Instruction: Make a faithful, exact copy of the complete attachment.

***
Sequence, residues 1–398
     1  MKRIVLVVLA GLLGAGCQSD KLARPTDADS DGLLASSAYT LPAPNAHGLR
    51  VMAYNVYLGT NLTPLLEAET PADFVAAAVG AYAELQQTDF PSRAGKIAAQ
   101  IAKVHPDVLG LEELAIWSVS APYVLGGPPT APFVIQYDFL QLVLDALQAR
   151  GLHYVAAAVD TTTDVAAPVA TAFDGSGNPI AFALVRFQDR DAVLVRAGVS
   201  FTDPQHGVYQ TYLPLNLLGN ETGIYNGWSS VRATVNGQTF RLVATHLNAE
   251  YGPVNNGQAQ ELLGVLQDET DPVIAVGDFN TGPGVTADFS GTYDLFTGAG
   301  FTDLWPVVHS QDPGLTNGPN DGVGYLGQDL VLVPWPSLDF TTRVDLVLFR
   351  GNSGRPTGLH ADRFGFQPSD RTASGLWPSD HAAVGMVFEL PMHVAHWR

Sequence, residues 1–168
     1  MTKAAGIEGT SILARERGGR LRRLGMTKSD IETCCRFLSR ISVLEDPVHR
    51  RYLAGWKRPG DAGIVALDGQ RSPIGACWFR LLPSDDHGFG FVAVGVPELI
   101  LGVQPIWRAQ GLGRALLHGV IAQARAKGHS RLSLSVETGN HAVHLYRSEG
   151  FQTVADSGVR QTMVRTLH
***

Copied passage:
Sequence, residues 1–398
     1  MKRIVLVVLA GLLGAGCQSD KLARPTDADS DGLLASSAYT LPAPNAHGLR
    51  VMAYNVYLGT NLTPLLEAET PADFVAAAVG AYAELQQTDF PSRAGKIAAQ
   101  IAKVHPDVLG LEELAIWSVS APYVLGGPPT APFVIQYDFL QLVLDALQAR
   151  GLHYVAAAVD TTTDVAAPVA TAFDGSGNPI AFALVRFQDR DAVLVRAGVS
   201  FTDPQHGVYQ TYLPLNLLGN ETGIYNGWSS VRATVNGQTF RLVATHLNAE
   251  YGPVNNGQAQ ELLGVLQDET DPVIAVGDFN TGPGVTADFS GTYDLFTGAG
   301  FTDLWPVVHS QDPGLTNGPN DGVGYLGQDL VLVPWPSLDF TTRVDLVLFR
   351  GNSGRPTGLH ADRFGFQPSD RTASGLWPSD HAAVGMVFEL PMHVAHWR

Sequence, residues 1–168
     1  MTKAAGIEGT SILARERGGR LRRLGMTKSD IETCCRFLSR ISVLEDPVHR
    51  RYLAGWKRPG DAGIVALDGQ RSPIGACWFR LLPSDDHGFG FVAVGVPELI
   101  LGVQPIWRAQ GLGRALLHGV IAQARAKGHS RLSLSVETGN HAVHLYRSEG
   151  FQTVADSGVR QTMVRTLH